On March 1, 2019, after noon CST, Chicago-O’Hare (ORD) certified professional controller (CPC) Ryan Schile was working third local control and was departing aircraft off of Runway 10-Left at intersection DD. Schile was also working the arrivals that were landing on 10-Right and 10-Center. He worked them back across the runway he was departing to the terminal area.
“Needless to say, he was a little busy,” NATCA President Paul Rinaldi said in introducing the story to the Archie League Medal of Safety Awards banquet on Sept. 18 at Communicating For Safety.
Schile issued a departure clearance to an Envoy Air twin-jet ERJ-145, with an initial heading of 100 and a takeoff clearance. This heading paralleled the departure runways and the arrival runways so there would be no conflict. The pilot of the ERJ-145 read back the correct heading and began takeoff roll.
Once airborne, for an unknown reason, the ERJ-145 began a hard-left turn, placing that aircraft in a collision course with an American Airlines Boeing 737-800, which was departing Runway 9-Right. Schile quickly recognized the potential for a collision and instructed the ERJ-145 to stop his climb immediately.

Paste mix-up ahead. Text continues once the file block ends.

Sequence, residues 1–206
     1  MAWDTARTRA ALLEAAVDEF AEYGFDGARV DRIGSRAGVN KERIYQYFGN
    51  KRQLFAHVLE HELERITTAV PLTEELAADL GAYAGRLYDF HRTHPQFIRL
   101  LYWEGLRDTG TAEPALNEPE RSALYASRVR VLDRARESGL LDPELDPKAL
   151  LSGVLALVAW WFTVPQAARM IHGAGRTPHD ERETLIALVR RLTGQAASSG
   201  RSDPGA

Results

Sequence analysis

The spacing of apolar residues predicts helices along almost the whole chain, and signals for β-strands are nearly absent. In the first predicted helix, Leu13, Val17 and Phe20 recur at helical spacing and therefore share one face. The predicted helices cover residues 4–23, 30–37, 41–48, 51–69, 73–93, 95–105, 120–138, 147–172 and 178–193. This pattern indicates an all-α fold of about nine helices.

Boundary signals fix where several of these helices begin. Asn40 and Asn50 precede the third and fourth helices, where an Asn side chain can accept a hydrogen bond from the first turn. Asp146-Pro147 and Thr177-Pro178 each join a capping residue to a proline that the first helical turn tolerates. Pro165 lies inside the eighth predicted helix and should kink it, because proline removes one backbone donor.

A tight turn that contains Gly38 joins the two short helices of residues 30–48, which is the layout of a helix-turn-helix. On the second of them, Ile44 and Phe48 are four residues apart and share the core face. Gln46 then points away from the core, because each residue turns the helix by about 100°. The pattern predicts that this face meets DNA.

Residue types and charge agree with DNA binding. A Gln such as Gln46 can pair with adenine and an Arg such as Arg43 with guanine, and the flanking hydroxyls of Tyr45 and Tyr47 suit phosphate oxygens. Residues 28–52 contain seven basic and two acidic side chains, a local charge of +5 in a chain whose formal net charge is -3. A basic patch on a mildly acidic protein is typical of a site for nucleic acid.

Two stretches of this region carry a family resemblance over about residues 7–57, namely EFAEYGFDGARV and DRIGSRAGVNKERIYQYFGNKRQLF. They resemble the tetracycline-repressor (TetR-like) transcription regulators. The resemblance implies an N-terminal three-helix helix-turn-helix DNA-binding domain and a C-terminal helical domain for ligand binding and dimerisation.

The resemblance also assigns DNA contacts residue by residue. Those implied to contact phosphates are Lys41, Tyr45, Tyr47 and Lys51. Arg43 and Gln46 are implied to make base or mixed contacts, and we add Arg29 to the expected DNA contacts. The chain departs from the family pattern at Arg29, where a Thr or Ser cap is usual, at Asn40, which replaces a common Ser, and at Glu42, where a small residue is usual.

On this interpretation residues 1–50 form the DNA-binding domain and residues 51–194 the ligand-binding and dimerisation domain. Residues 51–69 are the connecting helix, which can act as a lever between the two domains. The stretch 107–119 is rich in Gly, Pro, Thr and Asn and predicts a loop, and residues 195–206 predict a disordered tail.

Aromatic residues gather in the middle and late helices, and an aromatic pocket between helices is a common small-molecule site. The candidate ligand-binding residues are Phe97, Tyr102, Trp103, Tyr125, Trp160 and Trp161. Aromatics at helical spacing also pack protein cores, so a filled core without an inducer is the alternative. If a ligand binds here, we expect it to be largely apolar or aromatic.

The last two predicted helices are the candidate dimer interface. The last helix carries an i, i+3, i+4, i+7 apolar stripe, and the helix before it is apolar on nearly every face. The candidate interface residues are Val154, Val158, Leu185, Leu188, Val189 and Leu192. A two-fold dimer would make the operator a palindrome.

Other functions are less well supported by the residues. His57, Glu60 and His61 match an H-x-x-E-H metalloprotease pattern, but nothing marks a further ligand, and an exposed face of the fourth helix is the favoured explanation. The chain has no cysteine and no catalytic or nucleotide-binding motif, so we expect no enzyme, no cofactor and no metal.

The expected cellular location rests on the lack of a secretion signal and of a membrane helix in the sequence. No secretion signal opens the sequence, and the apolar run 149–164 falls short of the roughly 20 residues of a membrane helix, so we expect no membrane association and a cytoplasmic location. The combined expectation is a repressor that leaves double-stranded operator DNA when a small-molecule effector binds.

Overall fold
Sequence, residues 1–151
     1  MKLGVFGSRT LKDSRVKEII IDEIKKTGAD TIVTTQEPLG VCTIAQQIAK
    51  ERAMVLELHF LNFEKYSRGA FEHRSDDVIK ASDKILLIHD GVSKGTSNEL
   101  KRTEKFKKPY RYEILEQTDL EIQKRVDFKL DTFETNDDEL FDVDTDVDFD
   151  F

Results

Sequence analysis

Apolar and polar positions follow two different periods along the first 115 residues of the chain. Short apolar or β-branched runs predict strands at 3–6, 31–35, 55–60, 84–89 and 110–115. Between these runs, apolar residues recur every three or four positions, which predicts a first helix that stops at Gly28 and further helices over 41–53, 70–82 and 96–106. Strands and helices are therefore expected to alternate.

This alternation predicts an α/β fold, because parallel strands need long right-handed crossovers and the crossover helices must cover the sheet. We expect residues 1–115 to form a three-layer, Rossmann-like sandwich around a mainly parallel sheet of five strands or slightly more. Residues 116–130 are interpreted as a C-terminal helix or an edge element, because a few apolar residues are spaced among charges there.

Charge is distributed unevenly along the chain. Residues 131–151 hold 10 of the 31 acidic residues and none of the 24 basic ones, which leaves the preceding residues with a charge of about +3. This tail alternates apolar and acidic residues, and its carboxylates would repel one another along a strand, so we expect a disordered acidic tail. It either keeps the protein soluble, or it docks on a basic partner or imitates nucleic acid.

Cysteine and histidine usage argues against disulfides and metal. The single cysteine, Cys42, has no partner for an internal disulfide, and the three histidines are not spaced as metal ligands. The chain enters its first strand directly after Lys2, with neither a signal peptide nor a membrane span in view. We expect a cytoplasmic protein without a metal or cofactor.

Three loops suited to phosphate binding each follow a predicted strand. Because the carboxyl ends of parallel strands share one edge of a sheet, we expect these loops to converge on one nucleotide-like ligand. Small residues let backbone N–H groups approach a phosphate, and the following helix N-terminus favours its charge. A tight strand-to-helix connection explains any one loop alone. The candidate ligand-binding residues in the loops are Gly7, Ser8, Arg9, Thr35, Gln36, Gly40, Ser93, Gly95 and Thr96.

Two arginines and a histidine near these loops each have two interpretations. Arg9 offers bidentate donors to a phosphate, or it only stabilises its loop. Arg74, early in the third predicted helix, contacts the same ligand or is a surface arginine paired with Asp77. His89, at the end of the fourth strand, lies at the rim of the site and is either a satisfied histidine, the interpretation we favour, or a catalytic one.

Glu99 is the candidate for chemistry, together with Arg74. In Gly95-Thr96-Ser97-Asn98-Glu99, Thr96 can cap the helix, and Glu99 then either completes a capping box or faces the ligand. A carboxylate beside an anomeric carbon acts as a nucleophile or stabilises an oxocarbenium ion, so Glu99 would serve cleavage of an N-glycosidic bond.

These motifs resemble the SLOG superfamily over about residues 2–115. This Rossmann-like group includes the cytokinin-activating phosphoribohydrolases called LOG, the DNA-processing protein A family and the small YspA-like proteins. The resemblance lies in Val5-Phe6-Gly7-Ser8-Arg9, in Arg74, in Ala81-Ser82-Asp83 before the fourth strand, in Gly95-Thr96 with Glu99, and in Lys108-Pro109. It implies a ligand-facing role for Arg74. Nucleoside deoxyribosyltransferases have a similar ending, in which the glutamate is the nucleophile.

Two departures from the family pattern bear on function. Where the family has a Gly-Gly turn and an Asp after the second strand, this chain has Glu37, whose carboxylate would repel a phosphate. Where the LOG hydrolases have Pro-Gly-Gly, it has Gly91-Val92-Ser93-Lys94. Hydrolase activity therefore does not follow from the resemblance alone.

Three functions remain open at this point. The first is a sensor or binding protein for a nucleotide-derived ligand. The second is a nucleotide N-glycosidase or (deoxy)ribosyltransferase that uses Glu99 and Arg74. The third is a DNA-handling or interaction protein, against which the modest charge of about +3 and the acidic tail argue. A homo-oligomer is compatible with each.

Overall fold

Subsequently, Schile issued an immediate turn to the right to a heading of 140.
Working on the other side of the airport was fellow ORD CPC Andrew Rice, who was working the American 737. He also observed the impending collision and issued the aircraft an immediate left-hand turn and a 070 heading. Seeing that was not enough, he instructed the aircraft to continue its left-hand turn on a 360 heading to pull these aircraft apart.
The Federal Aviation Administration measured the closest proximity of the two aircraft at .23 nautical miles and 100 feet.
“And that is only because these two controllers acted so quickly to pull these airplanes apart,” Rinaldi said. “Their actions on that day saved hundreds of lives.”
Schile, upon receiving the President’s Award with Rice at the Archie League Medal of Safety Awards banquet, described the way he felt immediately after the event and the knowledge of just how close these two aircraft got before they were saved. It’s not something any controller wants to experience, his words indicated.
“Andy and I are deeply grateful, honored, and completely humbled to receive this recognition,” Schile said. “But respectfully, we hope to hell we never receive it again.”